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Physicochemical Properties, Biotransformation, and Transport Pathways of Established and Newly Approved Medications: A Systematic Review of the Top 200 Most Prescribed Drugs vs. the FDA-Approved Drugs Between 2005 and 2016

  • Anitha Saravanakumar
  • Armin Sadighi
  • Rachel Ryu
  • Fatemeh AkhlaghiEmail author
Systematic Review
  • 42 Downloads

Abstract

Background

Enzyme-mediated biotransformation of pharmacological agents is a crucial step in xenobiotic detoxification and drug disposition. Herein, we investigated the metabolism and physicochemical properties of the top 200 most prescribed drugs (established) as well as drugs approved by the US Food and Drug Administration (FDA) between 2005 and 2016 (newly approved).

Objective

Our objective was to capture the changing trends in the routes of administration, physicochemical properties, and prodrug medications, as well as the contributions of drug-metabolizing enzymes and transporters to drug clearance.

Methods

The University of Washington Drug Interaction Database (DIDB®) as well as other online resources (e.g., CenterWatch.com, Drugs.com, DrugBank.ca, and PubChem.ncbi.nlm.nih.gov) was used to collect and stratify the dataset required for exploring the above-mentioned trends.

Results

Analyses revealed that ~ 90% of all drugs in the established and newly approved drug lists were administered systemically (oral or intravenous). Meanwhile, the portion of biologics (molecular weight > 1 kDa) was 15 times greater in the newly approved list than established drugs. Additionally, there was a 4.5-fold increase in the number of compounds with a high calculated partition coefficient (cLogP > 3) and a high total polar surface area (> 75 Å2) in the newly approved drug vs. the established category. Further, prodrugs in established or newly approved lists were found to be converted to active compounds via hydrolysis, demethylases, and kinases. The contribution of cytochrome P450 (CYP) 3A4, as the major biotransformation pathway, has increased from 40% in the established drug list to 64% in the newly approved drug list. Moreover, the role of CYP1A2, CYP2C19, and CYP2D6 were decreased as major metabolizing enzymes among the newly approved medications. Among non-CYP major metabolizers, the contribution of alcohol dehydrogenases/aldehyde dehydrogenases (ADH/ALDH) and sulfotransferases decreased in the newly approved drugs compared with the established list. Furthermore, the highest contribution among uptake and efflux transporters was found for Organic Anion Transporting Polypeptide 1B1 (OATP1B1) and P-glycoprotein (P-gp), respectively.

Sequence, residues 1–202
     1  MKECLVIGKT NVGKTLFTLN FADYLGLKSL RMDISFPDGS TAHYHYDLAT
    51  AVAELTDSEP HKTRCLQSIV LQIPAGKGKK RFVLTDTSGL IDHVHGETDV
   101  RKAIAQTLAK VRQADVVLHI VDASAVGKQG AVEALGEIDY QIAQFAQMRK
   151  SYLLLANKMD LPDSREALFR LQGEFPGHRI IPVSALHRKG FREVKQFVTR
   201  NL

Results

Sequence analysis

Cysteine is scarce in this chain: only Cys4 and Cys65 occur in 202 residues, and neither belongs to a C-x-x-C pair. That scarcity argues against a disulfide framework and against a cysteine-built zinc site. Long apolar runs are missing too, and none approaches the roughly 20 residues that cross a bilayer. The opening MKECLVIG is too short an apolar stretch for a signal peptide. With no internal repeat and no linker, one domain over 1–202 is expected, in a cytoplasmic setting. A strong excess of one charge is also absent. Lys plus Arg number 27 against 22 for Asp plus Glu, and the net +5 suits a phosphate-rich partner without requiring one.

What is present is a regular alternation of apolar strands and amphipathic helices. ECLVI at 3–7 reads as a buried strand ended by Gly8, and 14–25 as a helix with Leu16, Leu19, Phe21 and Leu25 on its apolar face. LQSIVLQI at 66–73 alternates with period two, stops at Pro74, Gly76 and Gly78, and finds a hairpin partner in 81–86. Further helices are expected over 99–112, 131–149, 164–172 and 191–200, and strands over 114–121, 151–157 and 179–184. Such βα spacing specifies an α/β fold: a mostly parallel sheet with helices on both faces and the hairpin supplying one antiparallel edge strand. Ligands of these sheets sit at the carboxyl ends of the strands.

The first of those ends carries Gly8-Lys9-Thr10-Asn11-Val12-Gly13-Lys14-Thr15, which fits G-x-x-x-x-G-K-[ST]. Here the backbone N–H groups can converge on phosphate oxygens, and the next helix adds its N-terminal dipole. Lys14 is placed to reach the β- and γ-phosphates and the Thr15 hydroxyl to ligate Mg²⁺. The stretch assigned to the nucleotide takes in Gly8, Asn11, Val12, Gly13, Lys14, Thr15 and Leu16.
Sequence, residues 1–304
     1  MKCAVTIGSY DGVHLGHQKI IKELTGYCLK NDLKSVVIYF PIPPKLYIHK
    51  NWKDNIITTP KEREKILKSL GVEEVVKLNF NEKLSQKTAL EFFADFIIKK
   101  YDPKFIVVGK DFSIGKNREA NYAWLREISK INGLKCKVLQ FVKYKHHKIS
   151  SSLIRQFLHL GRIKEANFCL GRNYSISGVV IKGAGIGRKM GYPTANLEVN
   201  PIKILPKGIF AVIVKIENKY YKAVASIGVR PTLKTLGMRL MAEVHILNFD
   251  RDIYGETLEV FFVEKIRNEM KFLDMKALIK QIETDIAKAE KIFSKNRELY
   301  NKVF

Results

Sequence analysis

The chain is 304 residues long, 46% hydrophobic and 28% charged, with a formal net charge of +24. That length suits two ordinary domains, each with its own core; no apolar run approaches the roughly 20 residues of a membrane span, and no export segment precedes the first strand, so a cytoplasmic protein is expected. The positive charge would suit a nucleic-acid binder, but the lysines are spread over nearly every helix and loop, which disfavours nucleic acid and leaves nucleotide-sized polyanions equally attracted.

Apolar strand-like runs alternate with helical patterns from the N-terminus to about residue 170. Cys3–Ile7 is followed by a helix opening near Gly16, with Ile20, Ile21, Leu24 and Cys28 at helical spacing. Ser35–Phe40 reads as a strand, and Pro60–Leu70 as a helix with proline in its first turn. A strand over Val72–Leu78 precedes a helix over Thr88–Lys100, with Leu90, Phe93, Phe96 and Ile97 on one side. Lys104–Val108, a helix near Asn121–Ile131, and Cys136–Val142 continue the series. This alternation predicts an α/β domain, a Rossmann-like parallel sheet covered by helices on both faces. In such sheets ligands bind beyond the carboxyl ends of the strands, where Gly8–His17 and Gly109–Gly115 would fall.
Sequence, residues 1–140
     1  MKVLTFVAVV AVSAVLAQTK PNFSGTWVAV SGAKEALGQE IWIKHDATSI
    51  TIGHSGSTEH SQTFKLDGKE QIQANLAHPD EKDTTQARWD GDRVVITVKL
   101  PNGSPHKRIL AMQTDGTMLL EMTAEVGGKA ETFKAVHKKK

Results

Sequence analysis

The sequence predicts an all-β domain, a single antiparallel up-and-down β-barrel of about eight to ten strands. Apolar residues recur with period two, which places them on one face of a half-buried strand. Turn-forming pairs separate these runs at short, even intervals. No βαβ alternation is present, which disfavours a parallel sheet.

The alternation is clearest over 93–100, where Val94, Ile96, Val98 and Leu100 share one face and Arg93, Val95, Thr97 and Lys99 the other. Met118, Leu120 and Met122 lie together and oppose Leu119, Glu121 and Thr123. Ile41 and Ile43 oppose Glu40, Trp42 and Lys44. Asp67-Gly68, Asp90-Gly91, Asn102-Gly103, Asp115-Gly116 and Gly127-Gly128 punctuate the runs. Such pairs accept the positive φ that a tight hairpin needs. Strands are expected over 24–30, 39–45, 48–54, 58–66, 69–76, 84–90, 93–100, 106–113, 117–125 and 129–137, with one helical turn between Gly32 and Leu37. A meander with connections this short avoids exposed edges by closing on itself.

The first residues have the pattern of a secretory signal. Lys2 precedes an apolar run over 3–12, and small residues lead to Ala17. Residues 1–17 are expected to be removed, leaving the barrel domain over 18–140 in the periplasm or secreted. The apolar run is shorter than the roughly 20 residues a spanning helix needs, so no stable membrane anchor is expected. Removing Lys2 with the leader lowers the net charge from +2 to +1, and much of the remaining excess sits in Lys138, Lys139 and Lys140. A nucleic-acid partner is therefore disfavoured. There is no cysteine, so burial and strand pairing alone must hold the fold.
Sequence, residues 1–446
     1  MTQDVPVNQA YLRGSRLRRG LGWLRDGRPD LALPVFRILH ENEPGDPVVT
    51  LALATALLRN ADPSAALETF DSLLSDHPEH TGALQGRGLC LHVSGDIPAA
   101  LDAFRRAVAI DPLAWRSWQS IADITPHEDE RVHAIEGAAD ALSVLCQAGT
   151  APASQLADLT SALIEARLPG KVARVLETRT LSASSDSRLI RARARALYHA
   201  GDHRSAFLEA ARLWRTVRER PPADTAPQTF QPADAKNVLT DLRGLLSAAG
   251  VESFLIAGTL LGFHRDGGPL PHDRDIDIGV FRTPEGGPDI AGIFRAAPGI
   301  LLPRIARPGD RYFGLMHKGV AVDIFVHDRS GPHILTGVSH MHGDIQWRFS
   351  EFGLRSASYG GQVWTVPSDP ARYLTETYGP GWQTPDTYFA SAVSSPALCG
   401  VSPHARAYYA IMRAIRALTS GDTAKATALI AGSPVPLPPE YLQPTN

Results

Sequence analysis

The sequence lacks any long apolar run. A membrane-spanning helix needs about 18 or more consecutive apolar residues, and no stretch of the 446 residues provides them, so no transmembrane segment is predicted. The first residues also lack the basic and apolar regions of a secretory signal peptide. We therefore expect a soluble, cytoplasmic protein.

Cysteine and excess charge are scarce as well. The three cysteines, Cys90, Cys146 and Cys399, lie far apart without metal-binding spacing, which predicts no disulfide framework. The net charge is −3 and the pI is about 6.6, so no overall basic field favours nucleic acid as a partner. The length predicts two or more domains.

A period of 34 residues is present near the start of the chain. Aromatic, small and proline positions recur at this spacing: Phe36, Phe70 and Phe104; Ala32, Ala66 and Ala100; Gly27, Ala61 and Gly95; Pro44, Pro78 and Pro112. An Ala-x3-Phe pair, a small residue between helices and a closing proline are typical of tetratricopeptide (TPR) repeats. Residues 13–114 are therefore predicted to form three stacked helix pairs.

Conclusions

The higher portion of biologics in the newly approved drugs compared with the established list confirmed the growing demands for protein- and antibody-based therapies. Moreover, the larger number of hydrophilic drugs found in the newly approved list suggests that the probability of toxicity is likely to decrease. With regard to CYP-mediated major metabolism, CYP3A5 showed an increased involvement owing to the identification of unique probe substrates to differentiate CYP3As. Furthermore, the contribution of OATP1B1 and P-gp did not show a significant shift in the newly approved drugs as compared to the established list because of their broad substrate specificity.

Notes

Acknowledgements

The authors thank Mr. Timothy Lee, PharmD student for assistance in retrieving information for this study. The authors thank the University of Washington Drug Interaction Database, specifically Dr. Isabelle Ragueneau-Majlessi for providing feedback of the criteria for defining metabolism pathways. The authors also sincerely thank Dr. Kristina Ward for her contribution to the data extraction from the CenterWatch database.

Compliance with Ethical Standards

Funding

Support from Grant No. R15 GM101599 from the National Institutes of Health is gratefully acknowledged.

Conflict of interest

Anitha Saravanakumar, Armin Sadighi, Rachel Ryu, and Fatemeh Akhlaghi have no conflicts of interest that are directly relevant to the content of this article.

Supplementary material

40262_2019_750_MOESM1_ESM.docx (177 kb)
Supplementary material 1 (DOCX 174 kb)
40262_2019_750_MOESM2_ESM.xls (770 kb)
Supplementary material 2 (XLS 770 kb)

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Copyright information

© Springer Nature Switzerland AG 2019

Authors and Affiliations

  1. 1.Clinical Pharmacokinetics Research Laboratory, Department of Biomedical and Pharmaceutical Sciences, College of PharmacyUniversity of Rhode IslandKingstonUSA

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